Grand Piano Masters · Dreamscenes
Magdalena Müllerperth plays
3 Mazurkas Opus 50 & Mazurka Opus 7, No. 1
Fantasy Pieces for Piano Opus 12
Piano Sonata No. 3 in F Minor Opus 5.
Steinway & Sons Concert Grand Piano C-227.
Concert recording from the German
UNESCO World Heritage Site Maulbronn Monastery
HD Recording · DDD · c. 76 Minutes
"Through evening's shade, the pale moon gleams - While rapt in love's ecstatic dreams - Two hearts are fondly beating", quoted Johannes Brahms above the notes for the "Andante" in the Piano Sonata No.3. This excerpt of a poem by C.O. Sternau (a pseudonym of Otto Inkermann) characterizes the mood of this piece, which had a large contribution to the fame of the young composer. Written in 1853 this "poetic" sonata marks the end of a cycle of three sonatas. Likewise it was the last tune the 20-year-old composer submitted to Robert Schumann for commentary. Robert Schumann himself described Brahms in an article titled "Neue Bahnen" (New Paths) in October 1853 as "a man with a calling" who was "destined to give ideal expression to the times". Accordingly Magdalena Müllerperth has prepended of the Brahms-Sonata, which filled the second part of her recital in the lay refectory of Maulbronn monastery on June 4th 2011, a creation of significance for the compositions of the romantic era: the cycle "Fantasy Pieces" for Piano Opus 12 by Robert Schumann. Inspired by a collection of novellas by E.T.A. Hoffmann, called "Fantasiestücke in Callots Manier", it seems that Schumann had the characters "Florestan" and "Eusebius" in mind - two characters he created for representing the duality of his personality: Eusebius depicts the dreamer and Florestan represents Schumann's passionate side. The virtual dialogue between both characters during the movements ends in the piece "End of the Song", which Schumann has described in a letter to his wife Clara: "Well in the end it all resolves itself into a wedding...". Before these literary-inspired compositions full of poetic pictures and dream scenes by Schumann and Brahms, Magdalena Müllerperth introduced the concert with five dances by one of her personally favourite composers Frédéric Chopin, in continuation to her first published recital which included Chopin's "Impromptus No.I-III" and the "Fantaisie-Impromptu" Op.66 (released as a part of the CD "Comme un jeux d'eau", No.: KuK 16). Chopin's "Mazurkas" - he wrote at least 69 Mazurkas - are based on a traditional Polish folk dance in triple meter with an accent on the third or on the second beat, called "Mazurek". Chopin started composing his mazurkas in 1825, and continued composing them until 1849, the year of his death.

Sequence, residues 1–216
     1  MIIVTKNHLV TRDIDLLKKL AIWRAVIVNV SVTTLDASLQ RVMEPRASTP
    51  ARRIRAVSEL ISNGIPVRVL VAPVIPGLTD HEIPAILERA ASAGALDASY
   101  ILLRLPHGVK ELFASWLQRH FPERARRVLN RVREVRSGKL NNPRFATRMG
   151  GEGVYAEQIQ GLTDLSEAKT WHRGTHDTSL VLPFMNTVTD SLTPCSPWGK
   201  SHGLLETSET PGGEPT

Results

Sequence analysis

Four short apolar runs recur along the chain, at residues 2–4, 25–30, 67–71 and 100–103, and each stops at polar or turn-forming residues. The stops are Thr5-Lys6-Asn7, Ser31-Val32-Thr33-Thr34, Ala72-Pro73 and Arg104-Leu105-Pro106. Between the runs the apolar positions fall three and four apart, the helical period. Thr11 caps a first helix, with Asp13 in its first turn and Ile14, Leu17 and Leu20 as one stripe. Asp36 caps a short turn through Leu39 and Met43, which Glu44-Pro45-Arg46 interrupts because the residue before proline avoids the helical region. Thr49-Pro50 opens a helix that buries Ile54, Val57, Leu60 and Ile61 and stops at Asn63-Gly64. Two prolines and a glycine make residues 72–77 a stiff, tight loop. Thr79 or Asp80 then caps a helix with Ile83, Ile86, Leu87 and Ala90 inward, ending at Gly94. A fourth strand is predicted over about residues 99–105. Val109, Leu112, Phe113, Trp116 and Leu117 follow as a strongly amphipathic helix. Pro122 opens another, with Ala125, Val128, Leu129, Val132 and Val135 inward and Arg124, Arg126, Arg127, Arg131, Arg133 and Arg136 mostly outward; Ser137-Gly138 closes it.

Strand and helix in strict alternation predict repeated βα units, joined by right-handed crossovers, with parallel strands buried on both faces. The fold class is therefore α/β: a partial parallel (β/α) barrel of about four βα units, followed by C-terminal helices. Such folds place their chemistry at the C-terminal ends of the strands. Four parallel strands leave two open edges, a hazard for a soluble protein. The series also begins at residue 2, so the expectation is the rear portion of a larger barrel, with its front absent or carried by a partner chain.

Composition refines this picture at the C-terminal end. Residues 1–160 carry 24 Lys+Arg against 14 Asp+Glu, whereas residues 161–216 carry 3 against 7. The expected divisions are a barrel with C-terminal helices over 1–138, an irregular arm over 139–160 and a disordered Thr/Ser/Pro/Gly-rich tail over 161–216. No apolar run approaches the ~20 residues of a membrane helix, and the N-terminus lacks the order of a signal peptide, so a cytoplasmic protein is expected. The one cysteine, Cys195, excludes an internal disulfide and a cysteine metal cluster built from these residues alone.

With "Dreamscenes" you listen to Magdalena Müllerperth's second piano recital, which is documented on disc.
he German pianist Magdalena Müllerperth excited audiences in many concerts in Germany, Denmark, Belgium, Italy, Austria, The Czech Republic, France and Switzerland and was also invited to perform in Russia, Ukraine and the USA. In 2008 she performed there as a soloist with the Minnesota Orchestra in Minneapolis. With an impressive recital program she gave her debut recital in 2009 at the Klosterkonzerte Maulbronn and the Liederhalle Stuttgart, Germany. In 2011 she performed Gershwin's "Rhapsody in Blue" at the Festspielhaus Baden-Baden.
Magdalena Müllerperth, born in 1992 in Maulbronn, Germany, began piano lessons at the age of five. When she was seven, she became a student, and in 2003 junior student at the University of Music Karlsruhe, of the renowned Prof. Sontraud Speidel. From 2007 until 2010 she studied with Prof. Alexander Braginsky at Hamline University, Minneapolis, Minnesota, USA. At the moment she is a student of the pianist Jerome Rose at Mannes College - The New School of Music in New York City.